Tuesday, November 22, 2011

Moving Forward to Leadership: An Interview with Moshe Feiglin

The following is a translation of an interview with Moshe Feiglin on Israel National News from Tuesday, 18 Cheshvan/Nov. 15. The interview follows Opposition leader Tzippy Livni's warning that if the laws requiring a Knesset hearing for candidates for the Supreme Court and prohibiting foreign government funding of Israeli NGOs would pass, Israel would be plunged into a "dark Feiglinite dictatorship":

INN: Why did Tzippy Livni choose you, specifically, to describe a dark dictatorship? Interesting, isn't it?

Manhigut Yehudit has been leading the struggle against the dictatorship of the Supreme Court for a long time; long before many journalist and MKs who were left-leaning understood what was going on. We in Manhigut Yehudit identified the problem and put reform for the Supreme Court at the top of our agenda.

If you remember, 2 years ago, when Netanyahu forced me into an unrealistic slot on the Likud roster after I was elected, I was interviewed on Israel television's Channel 1. It was the opening news story on the nightly news and interested the entire public. Everyone expected me to fight in the Supreme Court against Netanyahu's illegal and undemocratic move. But I announced that I would not turn to the Supreme Court, for I have no faith in it. I assume that the fact that I have distinguished myself and Manhigut Yehudit as being at the forefront of the struggle against the Supreme Court was etched into Tzippy Livni's memory, and that is why she made those remarks.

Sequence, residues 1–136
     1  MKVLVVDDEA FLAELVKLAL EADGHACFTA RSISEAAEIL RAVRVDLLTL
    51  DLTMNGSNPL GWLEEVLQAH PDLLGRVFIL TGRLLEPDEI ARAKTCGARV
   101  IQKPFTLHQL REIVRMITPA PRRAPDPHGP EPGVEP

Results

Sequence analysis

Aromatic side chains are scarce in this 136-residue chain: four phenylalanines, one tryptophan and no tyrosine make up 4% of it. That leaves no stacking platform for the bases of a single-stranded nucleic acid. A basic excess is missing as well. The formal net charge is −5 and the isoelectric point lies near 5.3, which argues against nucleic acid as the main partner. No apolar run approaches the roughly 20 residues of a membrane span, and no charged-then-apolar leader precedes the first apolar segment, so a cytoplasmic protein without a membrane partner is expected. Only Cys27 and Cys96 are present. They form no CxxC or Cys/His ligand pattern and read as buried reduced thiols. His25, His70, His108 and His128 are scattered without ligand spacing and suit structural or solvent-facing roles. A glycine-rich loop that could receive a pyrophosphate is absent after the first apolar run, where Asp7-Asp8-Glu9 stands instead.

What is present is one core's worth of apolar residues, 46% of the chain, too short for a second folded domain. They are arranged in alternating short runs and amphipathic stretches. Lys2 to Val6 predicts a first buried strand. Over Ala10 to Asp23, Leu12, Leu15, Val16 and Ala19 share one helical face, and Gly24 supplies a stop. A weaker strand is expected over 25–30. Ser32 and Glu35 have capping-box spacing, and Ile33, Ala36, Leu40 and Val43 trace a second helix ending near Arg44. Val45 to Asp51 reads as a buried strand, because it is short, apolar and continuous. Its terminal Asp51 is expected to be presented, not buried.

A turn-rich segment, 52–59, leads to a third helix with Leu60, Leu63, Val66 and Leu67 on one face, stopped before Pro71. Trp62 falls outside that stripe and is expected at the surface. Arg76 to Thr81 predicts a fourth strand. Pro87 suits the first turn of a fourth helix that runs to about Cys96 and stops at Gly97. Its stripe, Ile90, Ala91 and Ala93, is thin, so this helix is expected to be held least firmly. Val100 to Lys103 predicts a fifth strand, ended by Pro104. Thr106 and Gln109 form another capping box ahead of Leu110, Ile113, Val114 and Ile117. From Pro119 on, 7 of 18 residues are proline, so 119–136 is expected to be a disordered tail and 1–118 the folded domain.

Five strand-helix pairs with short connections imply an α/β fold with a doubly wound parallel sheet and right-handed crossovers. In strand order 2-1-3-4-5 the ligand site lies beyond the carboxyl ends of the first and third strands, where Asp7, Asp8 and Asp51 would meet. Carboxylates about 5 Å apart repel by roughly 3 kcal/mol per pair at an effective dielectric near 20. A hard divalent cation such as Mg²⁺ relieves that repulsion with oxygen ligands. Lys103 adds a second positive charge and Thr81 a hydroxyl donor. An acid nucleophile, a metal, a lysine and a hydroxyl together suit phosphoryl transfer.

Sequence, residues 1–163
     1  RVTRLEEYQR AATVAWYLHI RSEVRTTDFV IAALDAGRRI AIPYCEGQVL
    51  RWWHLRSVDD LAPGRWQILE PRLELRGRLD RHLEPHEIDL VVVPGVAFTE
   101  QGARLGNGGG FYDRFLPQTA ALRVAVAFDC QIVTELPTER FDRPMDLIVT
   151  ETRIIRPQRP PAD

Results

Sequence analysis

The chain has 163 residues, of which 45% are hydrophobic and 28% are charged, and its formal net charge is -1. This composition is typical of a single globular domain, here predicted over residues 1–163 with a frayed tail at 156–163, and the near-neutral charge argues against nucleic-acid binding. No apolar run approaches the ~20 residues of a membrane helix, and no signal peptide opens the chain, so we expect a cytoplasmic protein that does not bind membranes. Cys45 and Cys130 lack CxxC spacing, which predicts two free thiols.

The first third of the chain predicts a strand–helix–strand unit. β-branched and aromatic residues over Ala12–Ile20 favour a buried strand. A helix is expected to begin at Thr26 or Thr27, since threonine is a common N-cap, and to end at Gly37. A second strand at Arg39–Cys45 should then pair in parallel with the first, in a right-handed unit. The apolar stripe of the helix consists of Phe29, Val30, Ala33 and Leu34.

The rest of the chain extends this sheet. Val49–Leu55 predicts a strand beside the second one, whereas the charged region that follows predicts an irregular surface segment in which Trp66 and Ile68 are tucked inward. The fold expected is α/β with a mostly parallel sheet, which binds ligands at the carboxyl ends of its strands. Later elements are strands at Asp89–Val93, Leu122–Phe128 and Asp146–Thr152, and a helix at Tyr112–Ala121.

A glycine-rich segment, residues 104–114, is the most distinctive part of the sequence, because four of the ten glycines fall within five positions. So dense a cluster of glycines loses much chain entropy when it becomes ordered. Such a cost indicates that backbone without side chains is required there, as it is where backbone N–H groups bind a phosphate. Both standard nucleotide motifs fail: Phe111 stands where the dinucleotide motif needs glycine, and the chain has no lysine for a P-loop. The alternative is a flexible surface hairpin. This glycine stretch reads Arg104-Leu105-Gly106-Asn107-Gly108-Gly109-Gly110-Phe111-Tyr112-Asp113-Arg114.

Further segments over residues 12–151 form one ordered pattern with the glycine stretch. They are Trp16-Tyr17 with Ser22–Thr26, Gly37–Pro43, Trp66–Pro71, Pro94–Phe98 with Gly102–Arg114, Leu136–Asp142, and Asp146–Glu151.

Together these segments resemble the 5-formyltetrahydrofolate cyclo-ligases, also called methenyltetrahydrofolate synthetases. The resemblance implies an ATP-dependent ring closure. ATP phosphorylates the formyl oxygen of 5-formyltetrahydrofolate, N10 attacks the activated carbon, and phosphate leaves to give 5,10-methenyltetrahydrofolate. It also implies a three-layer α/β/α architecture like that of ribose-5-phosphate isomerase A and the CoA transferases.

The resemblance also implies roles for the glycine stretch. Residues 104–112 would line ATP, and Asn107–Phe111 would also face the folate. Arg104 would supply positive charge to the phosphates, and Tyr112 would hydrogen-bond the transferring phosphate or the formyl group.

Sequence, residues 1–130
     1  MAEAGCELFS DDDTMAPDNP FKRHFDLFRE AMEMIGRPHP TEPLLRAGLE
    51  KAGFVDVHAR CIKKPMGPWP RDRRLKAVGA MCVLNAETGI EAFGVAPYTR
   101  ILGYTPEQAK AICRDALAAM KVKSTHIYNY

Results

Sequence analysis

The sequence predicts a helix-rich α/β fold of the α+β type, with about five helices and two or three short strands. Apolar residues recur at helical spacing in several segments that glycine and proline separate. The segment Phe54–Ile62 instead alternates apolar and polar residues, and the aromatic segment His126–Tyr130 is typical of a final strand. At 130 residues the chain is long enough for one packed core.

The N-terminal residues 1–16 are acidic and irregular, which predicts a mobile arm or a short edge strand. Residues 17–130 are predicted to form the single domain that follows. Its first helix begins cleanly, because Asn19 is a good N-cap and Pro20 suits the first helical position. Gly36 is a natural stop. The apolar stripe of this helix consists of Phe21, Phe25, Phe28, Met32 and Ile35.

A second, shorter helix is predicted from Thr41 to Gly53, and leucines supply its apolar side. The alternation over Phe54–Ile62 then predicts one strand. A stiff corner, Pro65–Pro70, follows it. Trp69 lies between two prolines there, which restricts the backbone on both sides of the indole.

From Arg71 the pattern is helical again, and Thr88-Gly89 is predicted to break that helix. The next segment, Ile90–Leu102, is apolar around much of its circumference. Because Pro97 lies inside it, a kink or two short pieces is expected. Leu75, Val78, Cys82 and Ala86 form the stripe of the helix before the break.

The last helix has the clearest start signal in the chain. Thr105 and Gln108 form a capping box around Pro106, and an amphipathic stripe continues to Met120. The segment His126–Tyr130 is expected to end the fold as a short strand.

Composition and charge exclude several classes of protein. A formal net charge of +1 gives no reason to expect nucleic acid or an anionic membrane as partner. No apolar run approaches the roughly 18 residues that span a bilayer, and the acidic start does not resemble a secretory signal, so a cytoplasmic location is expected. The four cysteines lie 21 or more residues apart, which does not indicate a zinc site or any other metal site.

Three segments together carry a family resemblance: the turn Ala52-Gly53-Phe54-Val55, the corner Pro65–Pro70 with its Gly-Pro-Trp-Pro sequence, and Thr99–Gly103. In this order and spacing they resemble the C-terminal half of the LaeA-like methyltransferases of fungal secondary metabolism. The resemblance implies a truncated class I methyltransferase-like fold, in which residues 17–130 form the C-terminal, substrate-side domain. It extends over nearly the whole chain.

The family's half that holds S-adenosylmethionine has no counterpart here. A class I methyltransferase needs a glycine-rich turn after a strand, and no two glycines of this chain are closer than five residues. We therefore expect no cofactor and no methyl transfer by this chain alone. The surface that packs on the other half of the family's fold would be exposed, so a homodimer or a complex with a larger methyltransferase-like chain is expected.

What? All because of that one evening?

With all due modesty, we are the standard bearers in the struggle against the judicial dictatorship and the first to highlight this problem. I assume that this is why she used my name.

When did you begin to understand that there must be a struggle against the Supreme Court?

A long time ago. I have been writing about it for over ten years, since the days of Zo Artzeinu. It was never complicated to understand that the Supreme Court judges, particularly, and the entire judicial system including the State Attorney's office, do not represent the public. There is an internal illness in the system, both in its method and principles. This has created the situation that we have today, in which extreme leftists perpetuate themselves in the most important positions in the system and force their opinions on the public.

The Makor Rishon newspaper publicized an amazing poll of the Maagar Mochot Institute this week that shows that only 14% of the public think that the Supreme Court represents the nation. In other words, there is an absolute majority of the public that feels that the Supreme Court does not represent it. This is terrible; a terrible lack of faith. And then those people trying to rectify this terrible situation are accused of being dictators. Ridiculous.

Do you think that the legislative proposals of this week are a step in the right direction?

Certainly. I am also pleased that the MKs who initiated these laws are those who Manhigut Yehudit endorsed for the Knesset. We can see that both our ideological policies and the candidates that we chose have triggered change. The Left is feeling the heat. This is a great success for Manhigut Yehudit.